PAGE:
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As well as an image of Gwanseeum-bosal.

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A look towards the inner chamber’s main altar.

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A look at the glass vessel that houses a dozen of the Buddha’s sari.

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The ocean side view and the Gwaneeum-jeon beside it.

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The amazing main altar inside the Gwaneeum-jeon.

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With Yongwang to the side.

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A look back towards the temple grounds.

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And a look towards the bell pavilion and Gwanseeum-bosal shrine.

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The golden temple bell and fish gong.

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A stone frog that looks like it might have jumped straight out of an animation.

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The beautiful ocean view.

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The Gwanseeum-bosal shrine.

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The mermaid wishing well that joins them.

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A Yongwang relief.

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A whale relief that is etched at the base of the shrine.

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Yet another amazing maritime relief.

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And finally, at the base of the much larger statue, is an ornately etched Gwanseeum-bosal relief.

Naksansa Temple – 낙산사 (Yangyang, Gangwon-do)

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The 18 Metre Tall Gwanseeum-bosal Statue at Naksansa Temple in Yangyang, Gangwon-do.

Hello Again Everyone!!

Naksansa Temple was first founded in 671 C.E. by the famed monk, Uisang-daesa. The name Naksansa Temple is an abbreviation of “Botarakgasan.” The name “Naksan” refers to Mt. Potalaka in India, where it’s believed that Gwanseeum-bosal (Avalokitesvara) lives. Gwanseeum-bosal is believed to live on an island surrounded by the sea along with guardian dragons. It’s along the coastal waters of Naksansa Temple in Yangyang, Gangwon-do that Uisang-daesa meditated. He had a visit from Gwanseeum-bosal who told Uisang to build a temple on Mt. Naksan, which is where the temple is located. Throughout the years, Naksansa Temple has been destroyed by fire more than most Korean temples. The temple was first destroyed by the invading Mongols during the 13th century. After that, it was repeatedly reconstructed and expanded by royal order in 1467, 1469, 1631, and 1643. After all this expansion, the temple was completely destroyed during the Korean War in 1953. It was from this period in time that most of the temple buildings dated back to, but it was the April, 2005 fire that was most damaging. It completely destroyed Naksansa Temple including a 15th century temple bell that just so happened to be a national treasure. Fortunately for us, the temple has been completely rebuilt for an all new generation of temple adventurers.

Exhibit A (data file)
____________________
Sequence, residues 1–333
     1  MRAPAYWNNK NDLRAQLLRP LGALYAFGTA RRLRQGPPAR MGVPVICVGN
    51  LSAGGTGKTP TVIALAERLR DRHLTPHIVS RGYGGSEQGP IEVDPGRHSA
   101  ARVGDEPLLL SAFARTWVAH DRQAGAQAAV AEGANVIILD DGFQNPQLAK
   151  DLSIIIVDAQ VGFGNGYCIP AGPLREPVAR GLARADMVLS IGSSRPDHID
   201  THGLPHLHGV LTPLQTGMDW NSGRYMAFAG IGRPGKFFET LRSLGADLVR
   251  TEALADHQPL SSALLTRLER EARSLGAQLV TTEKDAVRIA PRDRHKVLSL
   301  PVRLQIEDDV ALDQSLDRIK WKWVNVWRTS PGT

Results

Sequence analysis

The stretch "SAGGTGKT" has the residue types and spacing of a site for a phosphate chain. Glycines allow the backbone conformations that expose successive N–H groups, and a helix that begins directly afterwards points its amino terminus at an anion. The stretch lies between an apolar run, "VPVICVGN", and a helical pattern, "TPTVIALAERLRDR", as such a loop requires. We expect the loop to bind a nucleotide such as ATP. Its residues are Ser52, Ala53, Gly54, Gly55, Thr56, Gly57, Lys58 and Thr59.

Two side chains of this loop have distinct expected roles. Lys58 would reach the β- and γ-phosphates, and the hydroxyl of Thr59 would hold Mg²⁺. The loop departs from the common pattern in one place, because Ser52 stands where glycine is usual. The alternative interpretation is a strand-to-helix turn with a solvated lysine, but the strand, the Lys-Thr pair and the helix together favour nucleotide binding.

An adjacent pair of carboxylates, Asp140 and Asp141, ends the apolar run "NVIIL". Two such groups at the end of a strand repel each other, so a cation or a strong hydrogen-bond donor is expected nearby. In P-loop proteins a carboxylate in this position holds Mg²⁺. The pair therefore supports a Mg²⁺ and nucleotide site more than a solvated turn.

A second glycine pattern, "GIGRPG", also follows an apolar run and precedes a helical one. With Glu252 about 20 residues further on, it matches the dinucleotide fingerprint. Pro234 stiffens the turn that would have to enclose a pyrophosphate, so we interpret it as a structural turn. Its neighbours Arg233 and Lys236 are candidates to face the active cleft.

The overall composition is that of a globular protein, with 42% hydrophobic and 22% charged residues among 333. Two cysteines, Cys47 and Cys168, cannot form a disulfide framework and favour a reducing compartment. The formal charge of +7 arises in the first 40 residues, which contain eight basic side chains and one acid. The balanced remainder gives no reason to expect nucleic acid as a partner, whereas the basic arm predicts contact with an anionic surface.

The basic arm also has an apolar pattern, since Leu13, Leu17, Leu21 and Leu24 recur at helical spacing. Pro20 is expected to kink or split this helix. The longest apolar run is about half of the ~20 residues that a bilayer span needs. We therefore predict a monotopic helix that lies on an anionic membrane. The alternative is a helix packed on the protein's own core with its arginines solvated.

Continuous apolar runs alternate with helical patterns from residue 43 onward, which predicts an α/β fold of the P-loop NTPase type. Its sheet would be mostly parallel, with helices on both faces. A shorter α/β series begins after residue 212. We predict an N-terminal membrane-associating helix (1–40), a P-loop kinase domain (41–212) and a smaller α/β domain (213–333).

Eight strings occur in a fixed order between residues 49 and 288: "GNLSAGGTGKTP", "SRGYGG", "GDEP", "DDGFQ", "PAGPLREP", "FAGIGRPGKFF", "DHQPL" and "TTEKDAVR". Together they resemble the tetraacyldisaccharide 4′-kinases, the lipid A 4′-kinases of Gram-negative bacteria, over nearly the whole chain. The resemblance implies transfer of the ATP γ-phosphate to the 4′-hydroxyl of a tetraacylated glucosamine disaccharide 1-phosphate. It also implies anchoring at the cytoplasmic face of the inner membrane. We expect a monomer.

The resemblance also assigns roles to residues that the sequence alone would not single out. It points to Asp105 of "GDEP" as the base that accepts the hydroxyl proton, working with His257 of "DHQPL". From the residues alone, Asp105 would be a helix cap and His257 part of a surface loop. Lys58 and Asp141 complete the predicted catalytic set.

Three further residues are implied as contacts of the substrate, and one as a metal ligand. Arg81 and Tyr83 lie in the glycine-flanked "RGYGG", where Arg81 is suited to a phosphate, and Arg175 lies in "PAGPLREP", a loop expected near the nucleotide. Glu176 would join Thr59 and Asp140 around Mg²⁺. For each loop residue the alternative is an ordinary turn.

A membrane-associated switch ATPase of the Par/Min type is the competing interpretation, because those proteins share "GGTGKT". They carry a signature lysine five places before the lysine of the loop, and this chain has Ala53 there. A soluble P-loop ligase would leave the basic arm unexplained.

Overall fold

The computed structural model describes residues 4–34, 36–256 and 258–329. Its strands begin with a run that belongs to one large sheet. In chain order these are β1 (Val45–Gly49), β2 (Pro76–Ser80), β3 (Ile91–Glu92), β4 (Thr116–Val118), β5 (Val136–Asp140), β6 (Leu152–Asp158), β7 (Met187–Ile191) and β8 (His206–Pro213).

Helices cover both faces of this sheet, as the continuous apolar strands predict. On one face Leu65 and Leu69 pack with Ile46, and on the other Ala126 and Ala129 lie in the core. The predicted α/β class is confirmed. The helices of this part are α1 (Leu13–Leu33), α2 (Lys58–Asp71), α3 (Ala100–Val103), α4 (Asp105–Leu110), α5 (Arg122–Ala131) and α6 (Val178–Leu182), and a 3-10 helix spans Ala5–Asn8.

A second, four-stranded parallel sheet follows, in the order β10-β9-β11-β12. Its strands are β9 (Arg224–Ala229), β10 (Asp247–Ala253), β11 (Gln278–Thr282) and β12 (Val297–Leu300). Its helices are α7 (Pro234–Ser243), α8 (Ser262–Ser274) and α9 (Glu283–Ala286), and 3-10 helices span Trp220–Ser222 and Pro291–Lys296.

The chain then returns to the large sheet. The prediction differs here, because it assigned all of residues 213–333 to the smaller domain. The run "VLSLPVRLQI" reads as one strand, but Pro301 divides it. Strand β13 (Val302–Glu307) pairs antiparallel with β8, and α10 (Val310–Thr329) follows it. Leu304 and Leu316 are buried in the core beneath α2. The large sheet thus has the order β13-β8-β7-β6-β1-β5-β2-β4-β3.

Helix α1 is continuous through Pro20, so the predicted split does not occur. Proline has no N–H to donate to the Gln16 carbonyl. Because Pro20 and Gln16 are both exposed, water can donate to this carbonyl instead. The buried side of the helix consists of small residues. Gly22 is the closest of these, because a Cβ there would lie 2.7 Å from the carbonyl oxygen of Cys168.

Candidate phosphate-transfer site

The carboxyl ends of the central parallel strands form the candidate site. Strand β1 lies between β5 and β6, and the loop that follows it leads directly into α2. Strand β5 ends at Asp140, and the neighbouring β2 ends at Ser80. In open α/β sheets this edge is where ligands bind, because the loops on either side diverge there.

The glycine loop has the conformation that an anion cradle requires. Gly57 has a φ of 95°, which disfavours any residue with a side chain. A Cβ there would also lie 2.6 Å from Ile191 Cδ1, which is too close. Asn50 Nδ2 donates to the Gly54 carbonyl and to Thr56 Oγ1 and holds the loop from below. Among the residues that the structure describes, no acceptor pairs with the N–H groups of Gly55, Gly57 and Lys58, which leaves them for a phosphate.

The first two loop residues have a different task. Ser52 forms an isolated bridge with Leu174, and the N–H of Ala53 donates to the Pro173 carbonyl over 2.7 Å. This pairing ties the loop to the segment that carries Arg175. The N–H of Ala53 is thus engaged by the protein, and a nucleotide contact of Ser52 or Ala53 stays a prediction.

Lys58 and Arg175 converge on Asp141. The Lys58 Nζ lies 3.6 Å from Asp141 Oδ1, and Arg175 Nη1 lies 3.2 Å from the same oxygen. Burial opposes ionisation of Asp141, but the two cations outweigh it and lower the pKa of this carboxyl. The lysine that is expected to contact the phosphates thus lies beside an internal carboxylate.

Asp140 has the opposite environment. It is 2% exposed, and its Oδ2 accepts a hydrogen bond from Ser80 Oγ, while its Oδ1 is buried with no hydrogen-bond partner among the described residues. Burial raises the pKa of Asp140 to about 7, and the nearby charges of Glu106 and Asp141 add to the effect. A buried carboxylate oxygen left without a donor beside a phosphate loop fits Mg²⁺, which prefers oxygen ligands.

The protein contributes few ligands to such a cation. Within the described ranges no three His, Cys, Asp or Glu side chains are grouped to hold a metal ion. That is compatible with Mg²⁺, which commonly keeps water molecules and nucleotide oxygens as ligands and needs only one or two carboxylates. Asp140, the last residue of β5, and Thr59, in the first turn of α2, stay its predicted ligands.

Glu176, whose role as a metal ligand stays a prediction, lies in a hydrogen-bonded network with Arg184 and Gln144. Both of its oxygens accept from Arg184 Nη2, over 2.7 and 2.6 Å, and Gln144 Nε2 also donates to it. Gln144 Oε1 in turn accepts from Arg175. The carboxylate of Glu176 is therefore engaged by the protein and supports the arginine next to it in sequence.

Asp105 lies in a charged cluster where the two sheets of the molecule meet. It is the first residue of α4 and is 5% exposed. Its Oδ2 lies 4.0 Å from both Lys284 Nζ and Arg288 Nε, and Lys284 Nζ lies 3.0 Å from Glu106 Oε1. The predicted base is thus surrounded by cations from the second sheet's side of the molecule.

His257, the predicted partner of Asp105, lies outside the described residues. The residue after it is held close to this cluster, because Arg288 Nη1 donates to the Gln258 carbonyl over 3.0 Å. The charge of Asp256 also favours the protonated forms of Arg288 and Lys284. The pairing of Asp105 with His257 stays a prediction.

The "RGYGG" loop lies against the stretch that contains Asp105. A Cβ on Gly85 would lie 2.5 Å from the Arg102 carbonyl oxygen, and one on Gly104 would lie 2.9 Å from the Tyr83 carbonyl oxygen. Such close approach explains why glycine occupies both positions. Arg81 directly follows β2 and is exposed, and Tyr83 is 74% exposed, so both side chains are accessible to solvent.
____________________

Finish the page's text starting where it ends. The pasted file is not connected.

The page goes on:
You make your way up to the temple from the temple parking lot. The well-manicured grounds are something to enjoy as you make your way to the temple grounds. The first thing to greet you at the temple is the fortress like entry gate.

Walking a little further, and finally cresting the hill that Naksansa Temple sits upon, you’ll notice the rebuilt bell pavilion to the far left side. Straight ahead is the Cheonwangmun Gate with the Four Heavenly Kings inside with bulging eyes. The next structure to greet you is the strangely shaped Binil-ru Pavilion that seems to be just as wide as it is long. Typically, these types of pavilions are rather long in length.

Having passed through the crescent-shaped gate, you’ll enter into the lower courtyard at Naksansa Temple. Other than collecting your breath or sitting to enjoy the view, there is nothing for a visitor to see. You’ll have to go a little further if you want to see anything.

Past a gate that is adorned with descriptive murals of both the guardians Heng and Ha is the upper courtyard. Resting in the middle of the upper courtyard is a seven-tier stone pagoda that was purportedly constructed, at least in part, by Uisang-daesa. Housed inside the ornately decorated Wontong-jeon main hall is a slender statue of Gwanseeum-bosal. With a large golden crown on her head, she sits all alone in the main hall.